Our lives have mirrored each other, but we ask that no more. Both our fathers’ died of cancer within years of each other. Whilst marriage to the brothers probably wasn’t one of our finest moments, she did create the most awesome adorable child from hers. I have a lovely wedding day photo album.
My bestie is the eternal optimist, finding the sun shiny bits of life amongst the bleakest coal darkened moments. She cares for everyone, she puts others first. She is without question the funniest human I know. She is sharp witted and intelligent and loves a debate. She is fiercely independent to the point where she hasn’t fully realised that she can accept help however it comes, and she can even ask for it.
I have always had great respect and admiration for her and all that she does. Of course she has made some dubious choices, who hasn’t? Sometimes her choices have been influenced by me and sometimes not. Those influenced by me aren’t always the smartest, but boy have they have given us some wonderful stories! We recently decided that the Child of the Union is Saffron and we are the Ab Fab girls. Mad as cut snakes, hilariously cracking up laughing at our own humour, antics and bad jokes, whilst the Child of the Union asks us not to disturb her as she does her maths homework. The kids’ life is a combination of puberty, divided parenting, step-families; I-pods, books, boys and now death. And she wants to focus on her maths enrichment homework. Admiration and respect for the kid too.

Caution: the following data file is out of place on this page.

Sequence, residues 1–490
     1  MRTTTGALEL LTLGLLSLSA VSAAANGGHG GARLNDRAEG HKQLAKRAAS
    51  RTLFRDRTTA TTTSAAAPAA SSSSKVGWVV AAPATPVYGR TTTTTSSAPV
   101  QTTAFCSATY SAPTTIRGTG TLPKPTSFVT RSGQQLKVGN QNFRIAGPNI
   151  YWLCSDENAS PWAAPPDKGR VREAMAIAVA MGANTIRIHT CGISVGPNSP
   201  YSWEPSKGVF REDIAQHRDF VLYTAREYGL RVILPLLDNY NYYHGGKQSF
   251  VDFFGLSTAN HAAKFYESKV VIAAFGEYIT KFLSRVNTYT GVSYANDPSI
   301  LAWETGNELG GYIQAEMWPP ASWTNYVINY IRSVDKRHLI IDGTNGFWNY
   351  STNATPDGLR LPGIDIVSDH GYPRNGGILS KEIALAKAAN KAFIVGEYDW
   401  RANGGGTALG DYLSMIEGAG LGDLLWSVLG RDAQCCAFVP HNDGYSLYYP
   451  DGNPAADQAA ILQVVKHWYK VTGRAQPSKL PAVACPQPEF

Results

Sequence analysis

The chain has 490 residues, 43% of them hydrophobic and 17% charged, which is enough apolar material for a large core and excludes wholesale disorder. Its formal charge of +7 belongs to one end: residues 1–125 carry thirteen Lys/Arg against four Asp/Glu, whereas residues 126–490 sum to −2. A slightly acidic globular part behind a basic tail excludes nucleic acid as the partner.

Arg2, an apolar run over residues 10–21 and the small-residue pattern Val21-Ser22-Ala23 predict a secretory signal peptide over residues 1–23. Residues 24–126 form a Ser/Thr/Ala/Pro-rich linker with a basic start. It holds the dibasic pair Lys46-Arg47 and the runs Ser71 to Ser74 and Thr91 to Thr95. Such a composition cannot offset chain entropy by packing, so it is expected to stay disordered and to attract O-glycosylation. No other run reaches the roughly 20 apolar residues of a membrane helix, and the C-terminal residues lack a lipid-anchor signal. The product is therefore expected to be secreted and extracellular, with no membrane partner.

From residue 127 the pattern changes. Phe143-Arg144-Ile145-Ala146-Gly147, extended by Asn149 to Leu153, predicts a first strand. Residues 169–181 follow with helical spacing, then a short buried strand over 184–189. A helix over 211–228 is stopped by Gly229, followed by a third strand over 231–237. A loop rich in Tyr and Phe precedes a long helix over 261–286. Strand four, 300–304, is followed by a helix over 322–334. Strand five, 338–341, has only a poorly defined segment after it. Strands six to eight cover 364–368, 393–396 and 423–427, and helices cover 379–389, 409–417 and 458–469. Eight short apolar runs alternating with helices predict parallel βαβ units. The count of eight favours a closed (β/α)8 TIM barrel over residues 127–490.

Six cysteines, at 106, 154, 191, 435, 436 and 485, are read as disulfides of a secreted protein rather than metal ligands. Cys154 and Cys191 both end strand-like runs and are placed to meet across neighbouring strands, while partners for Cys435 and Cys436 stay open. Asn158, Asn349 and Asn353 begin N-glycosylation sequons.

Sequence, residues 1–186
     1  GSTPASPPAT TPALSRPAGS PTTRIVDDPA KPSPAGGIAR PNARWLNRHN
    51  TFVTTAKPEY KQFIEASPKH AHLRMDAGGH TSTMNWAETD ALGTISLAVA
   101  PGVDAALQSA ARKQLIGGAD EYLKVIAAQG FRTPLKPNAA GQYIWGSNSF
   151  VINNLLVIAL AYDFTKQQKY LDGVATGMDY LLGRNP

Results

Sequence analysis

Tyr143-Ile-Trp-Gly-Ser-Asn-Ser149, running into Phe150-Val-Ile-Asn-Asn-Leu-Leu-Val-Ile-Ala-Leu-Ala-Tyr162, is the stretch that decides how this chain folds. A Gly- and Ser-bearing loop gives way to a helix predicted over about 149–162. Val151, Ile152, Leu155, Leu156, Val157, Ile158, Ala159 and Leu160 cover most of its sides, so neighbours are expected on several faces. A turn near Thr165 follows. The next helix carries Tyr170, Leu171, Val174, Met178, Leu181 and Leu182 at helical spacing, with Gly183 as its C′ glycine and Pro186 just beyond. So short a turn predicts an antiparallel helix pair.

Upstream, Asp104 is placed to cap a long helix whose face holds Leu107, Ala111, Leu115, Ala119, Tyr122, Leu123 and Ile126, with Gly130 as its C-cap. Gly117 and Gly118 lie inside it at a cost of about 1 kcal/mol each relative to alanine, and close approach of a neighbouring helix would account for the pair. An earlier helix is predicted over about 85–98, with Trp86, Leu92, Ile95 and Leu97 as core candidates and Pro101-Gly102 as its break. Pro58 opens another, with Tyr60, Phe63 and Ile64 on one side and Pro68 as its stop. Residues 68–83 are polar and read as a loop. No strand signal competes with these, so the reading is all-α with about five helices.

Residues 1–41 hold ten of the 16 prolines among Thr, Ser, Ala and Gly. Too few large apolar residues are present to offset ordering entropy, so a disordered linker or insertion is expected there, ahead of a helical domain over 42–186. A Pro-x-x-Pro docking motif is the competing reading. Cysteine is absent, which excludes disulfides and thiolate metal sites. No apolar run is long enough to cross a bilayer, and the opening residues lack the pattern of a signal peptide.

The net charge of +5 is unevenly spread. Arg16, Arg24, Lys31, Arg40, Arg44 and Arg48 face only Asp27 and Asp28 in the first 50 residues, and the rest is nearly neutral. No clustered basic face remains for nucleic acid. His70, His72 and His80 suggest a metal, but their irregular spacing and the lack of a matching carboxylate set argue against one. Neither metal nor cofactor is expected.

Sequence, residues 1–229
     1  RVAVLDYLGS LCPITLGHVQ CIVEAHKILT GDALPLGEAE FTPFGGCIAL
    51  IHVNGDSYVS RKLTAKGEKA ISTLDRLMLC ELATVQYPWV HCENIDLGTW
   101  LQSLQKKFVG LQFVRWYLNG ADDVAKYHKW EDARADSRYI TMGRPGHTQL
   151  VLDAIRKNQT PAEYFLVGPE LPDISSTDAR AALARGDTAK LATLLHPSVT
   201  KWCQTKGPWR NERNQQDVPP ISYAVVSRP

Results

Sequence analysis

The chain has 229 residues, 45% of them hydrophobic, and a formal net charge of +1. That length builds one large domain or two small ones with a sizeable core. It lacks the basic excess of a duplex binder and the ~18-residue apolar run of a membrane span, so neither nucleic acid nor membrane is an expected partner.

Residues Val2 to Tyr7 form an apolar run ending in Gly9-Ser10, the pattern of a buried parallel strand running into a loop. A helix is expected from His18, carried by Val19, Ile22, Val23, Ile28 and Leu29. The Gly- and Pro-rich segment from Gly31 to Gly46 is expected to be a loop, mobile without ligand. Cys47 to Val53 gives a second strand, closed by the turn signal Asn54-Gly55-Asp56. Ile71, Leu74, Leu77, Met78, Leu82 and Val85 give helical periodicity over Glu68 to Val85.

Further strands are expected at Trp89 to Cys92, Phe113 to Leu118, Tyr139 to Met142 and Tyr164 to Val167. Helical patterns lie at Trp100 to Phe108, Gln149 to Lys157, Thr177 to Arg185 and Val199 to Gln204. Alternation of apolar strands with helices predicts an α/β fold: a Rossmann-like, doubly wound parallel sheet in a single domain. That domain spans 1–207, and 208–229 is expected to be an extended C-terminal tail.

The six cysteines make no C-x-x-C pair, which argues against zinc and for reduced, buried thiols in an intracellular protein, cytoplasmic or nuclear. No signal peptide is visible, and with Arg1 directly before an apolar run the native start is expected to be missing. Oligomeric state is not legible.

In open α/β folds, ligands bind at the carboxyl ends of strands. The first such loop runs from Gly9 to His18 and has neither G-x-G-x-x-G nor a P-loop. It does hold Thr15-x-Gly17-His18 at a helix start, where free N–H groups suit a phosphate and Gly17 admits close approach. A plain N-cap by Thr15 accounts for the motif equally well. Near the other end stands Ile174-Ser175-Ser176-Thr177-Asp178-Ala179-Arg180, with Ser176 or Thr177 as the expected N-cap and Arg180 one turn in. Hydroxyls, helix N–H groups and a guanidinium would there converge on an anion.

So I temporarily entered the world of the carer. Not for the first time. I watched it from afar when it happened to my own father and when time and distance permitted, popped in there too. (Not nearly enough and a world of growth later acknowledge that I could have done better.)
The carers’ world (for the acute patient) is one where the phone never stops ringing, where you spend your days driving to and from the hospital, doctors visits, appointments for scans or x-rays or medication appointments, or treatment or therapy or a dozen other different things. A world where if you don’t make lists, the tiniest details are forgotten or not done. A world where you have to repeat the same information over and over and over again to all the best intending and well meaning people in the world. A world where you are asked what to do to help, but you can’t give a definitive answer. There is so much to do, what is important, what gets done first, what can be left alone? A world where you cancel appointments, but would never dream of asking someone to cancel theirs.